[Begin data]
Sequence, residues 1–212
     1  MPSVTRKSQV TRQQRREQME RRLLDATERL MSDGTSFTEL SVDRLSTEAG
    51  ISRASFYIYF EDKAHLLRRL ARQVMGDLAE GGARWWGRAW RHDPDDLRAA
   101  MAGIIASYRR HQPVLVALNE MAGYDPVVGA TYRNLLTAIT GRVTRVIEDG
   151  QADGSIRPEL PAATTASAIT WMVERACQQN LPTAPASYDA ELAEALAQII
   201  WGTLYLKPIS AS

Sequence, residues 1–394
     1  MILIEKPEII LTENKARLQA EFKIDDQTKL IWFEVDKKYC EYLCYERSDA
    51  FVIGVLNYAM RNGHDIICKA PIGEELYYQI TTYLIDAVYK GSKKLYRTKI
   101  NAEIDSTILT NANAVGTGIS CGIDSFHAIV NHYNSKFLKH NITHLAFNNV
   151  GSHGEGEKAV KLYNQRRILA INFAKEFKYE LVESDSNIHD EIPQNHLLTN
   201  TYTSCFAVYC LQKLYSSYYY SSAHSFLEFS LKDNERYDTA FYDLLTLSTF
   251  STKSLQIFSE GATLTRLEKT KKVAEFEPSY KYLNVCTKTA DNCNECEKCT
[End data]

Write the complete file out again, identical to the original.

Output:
Sequence, residues 1–212
     1  MPSVTRKSQV TRQQRREQME RRLLDATERL MSDGTSFTEL SVDRLSTEAG
    51  ISRASFYIYF EDKAHLLRRL ARQVMGDLAE GGARWWGRAW RHDPDDLRAA
   101  MAGIIASYRR HQPVLVALNE MAGYDPVVGA TYRNLLTAIT GRVTRVIEDG
   151  QADGSIRPEL PAATTASAIT WMVERACQQN LPTAPASYDA ELAEALAQII
   201  WGTLYLKPIS AS

Sequence, residues 1–394
     1  MILIEKPEII LTENKARLQA EFKIDDQTKL IWFEVDKKYC EYLCYERSDA
    51  FVIGVLNYAM RNGHDIICKA PIGEELYYQI TTYLIDAVYK GSKKLYRTKI
   101  NAEIDSTILT NANAVGTGIS CGIDSFHAIV NHYNSKFLKH NITHLAFNNV
   151  GSHGEGEKAV KLYNQRRILA INFAKEFKYE LVESDSNIHD EIPQNHLLTN
   201  TYTSCFAVYC LQKLYSSYYY SSAHSFLEFS LKDNERYDTA FYDLLTLSTF
   251  STKSLQIFSE GATLTRLEKT KKVAEFEPSY KYLNVCTKTA DNCNECEKCT